-  [WT]  [Home] [Manage]

[Return] [Entire Thread] [Last 50 posts]
Posting mode: Reply
Name
Email
Subject   (reply to 117874)
Message
File
File URL
Embed   Help
Password  (for post and file deletion)
  • Supported file types are: GIF, JPG, PNG, WEBM
  • Maximum file size allowed is 5120 KB.
  • Images greater than 300x300 pixels will be thumbnailed.
  • Currently 669 unique user posts.

  • Blotter updated: 2017-02-04 Show/Hide Show All

PBE Shield Stickers and Deagle Boltface Patches On Sale Now!



File 151778562870.jpg - (21.57KB , 640x360 , donaldtrump_0_24.jpg )
117874 No. 117874 ID: 31d098
>after 3 more years it will be up to $2.5 trillion dollar a year!
>thanks obama!
The Treasury Department is on track to borrow nearly $1 trillion this fiscal year, almost double the amount the federal government borrowed last year, The Washington Post reported Saturday.

The government is likely to borrow $955 billion during this fiscal year, which is the first full fiscal year under President Trump. The government last year borrowed $519 billion, the Post noted, adding that the increase was attributed primarily to the "fiscal outlook."

The Treasury Department last week released its estimates for how much it would need to borrow for the next two quarters.

The report came the same day that the Congressional Budget Office (CBO) moved up its projected deadline for when the Treasury would run out of cash, citing the Republican tax overhaul.
The nonpartisan budget scorekeeper had estimated in November that the Treasury would run out of cash in late March or early April. After Trump signed the tax-cut law in December, however, the CBO revised its estimate to the first half of March.

If the Treasury Department runs out of cash, the government would delay payments, default on its debt or both, the CBO said.

Treasury Secretary Steven Mnuchin urged lawmakers Tuesday to raise the debt ceiling as soon as possible.

Lawmakers, meanwhile, must also pass a funding bill prior to Feb. 9 to keep the government open.

http://thehill.com/policy/finance/372235-us-on-track-to-double-borrowing-under-trumps-first-year-report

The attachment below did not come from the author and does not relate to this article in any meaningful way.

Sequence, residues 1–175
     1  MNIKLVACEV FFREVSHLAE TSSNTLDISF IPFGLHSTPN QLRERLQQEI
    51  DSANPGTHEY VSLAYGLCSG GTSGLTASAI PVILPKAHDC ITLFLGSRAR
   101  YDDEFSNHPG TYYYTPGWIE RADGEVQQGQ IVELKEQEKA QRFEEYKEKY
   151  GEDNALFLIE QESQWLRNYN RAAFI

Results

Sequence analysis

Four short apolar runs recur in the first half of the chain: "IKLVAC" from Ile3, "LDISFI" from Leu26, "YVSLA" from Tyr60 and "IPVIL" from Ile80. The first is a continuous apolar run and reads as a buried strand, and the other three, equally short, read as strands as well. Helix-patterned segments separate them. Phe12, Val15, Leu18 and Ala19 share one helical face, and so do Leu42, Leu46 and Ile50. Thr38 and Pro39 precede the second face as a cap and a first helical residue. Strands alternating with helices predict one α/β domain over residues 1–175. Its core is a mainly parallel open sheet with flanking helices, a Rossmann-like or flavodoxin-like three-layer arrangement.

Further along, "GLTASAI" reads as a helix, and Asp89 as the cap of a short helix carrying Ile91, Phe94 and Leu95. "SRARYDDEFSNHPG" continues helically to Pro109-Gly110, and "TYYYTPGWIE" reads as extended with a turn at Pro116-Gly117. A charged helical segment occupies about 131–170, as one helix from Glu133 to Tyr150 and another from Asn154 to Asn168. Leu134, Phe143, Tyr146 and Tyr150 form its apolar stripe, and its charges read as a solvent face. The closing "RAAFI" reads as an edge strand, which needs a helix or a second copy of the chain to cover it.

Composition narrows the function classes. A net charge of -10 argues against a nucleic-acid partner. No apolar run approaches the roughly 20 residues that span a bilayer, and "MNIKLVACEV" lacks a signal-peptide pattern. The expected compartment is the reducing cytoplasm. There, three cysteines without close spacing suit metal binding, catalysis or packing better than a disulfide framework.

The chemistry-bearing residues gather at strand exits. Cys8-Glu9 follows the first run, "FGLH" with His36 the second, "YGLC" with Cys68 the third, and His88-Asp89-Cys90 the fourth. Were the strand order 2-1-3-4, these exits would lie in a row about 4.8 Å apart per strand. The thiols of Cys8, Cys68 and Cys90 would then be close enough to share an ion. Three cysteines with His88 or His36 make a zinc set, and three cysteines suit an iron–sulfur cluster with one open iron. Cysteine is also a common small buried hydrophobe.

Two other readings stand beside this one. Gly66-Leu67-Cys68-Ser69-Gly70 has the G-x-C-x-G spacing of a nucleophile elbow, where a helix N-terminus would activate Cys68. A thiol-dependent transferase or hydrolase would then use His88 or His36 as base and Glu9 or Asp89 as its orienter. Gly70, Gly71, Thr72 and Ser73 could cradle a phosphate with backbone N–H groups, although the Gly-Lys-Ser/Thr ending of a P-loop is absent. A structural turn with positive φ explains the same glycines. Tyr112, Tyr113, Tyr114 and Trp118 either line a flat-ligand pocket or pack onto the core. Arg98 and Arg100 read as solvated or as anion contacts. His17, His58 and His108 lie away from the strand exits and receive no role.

Expand all images
>> No. 117875 ID: cb8af5
Reminder that Trump is such a great businessman he bankrupted multiple casinos.
>> No. 117876 ID: 72a5eb
http://money.cnn.com/2018/02/05/investing/stock-market-today-dow-jones/
>Stocks went into free fall on Monday, and the Dow plunged almost 1,600 points -- easily the biggest point decline in history during a trading day.

>Buyers charged back in and limited the damage, but at the closing bell the Dow was still down 1,175 points, by far its worst closing point decline on record.

>The drop amounted to 4.6% -- the biggest decline since August 2011, during the European debt crisis. But it was nowhere close to the destruction on Black Monday in 1987 or the financial crisis of 2008. Still, for investors lulled to sleep by the steady upward climb since Election Day, it was alarming.

>The White House said through a spokesman that "markets do fluctuate in the short term," but it stressed that the fundamentals of the economy are strong.

>The trouble in the market began early last week, when investors focused on a number of lingering concerns.

>If the economy gets much stronger, it could touch off inflation, which has been mysteriously missing for the nine years of the post-crisis recovery. That could force the Federal Reserve to raise interest rates faster than planned.

>"People are dealing with the shock of seeing real inflation for the first time in a while," said Bruce McCain, chief investment strategist at Key Private Bank.

>The sell-off wiped out the Dow and S&P 500 gains for the year, and left the Nasdaq barely in positive territory for 2018.
>> No. 117885 ID: 9315da
File 151827392698.jpg - (158.77KB , 1260x1260 , opinion_means_little.jpg )
117885
>>117876

lol Oh noes biggest drop evar

after setting record highs for what, a year? lol.
>> No. 117896 ID: a8533b
>Crashing the ship
Good
that's why I voted for Hilldog, because I knew she'd end this failed experiment known as the USA and in the chaos I'd get to shoot minorities, weak cuck progressives and their dogs and brown people

Make America Great Again via Balkanization, if that fails nazification
>> No. 117898 ID: 0e8e6d
>>117896
>and their dogs

ATF detected.
>> No. 117901 ID: 6c0b37
>>117898
Acid is gonna get demoted if he doesn't stop another terror plot that he created.
>> No. 117904 ID: df12a0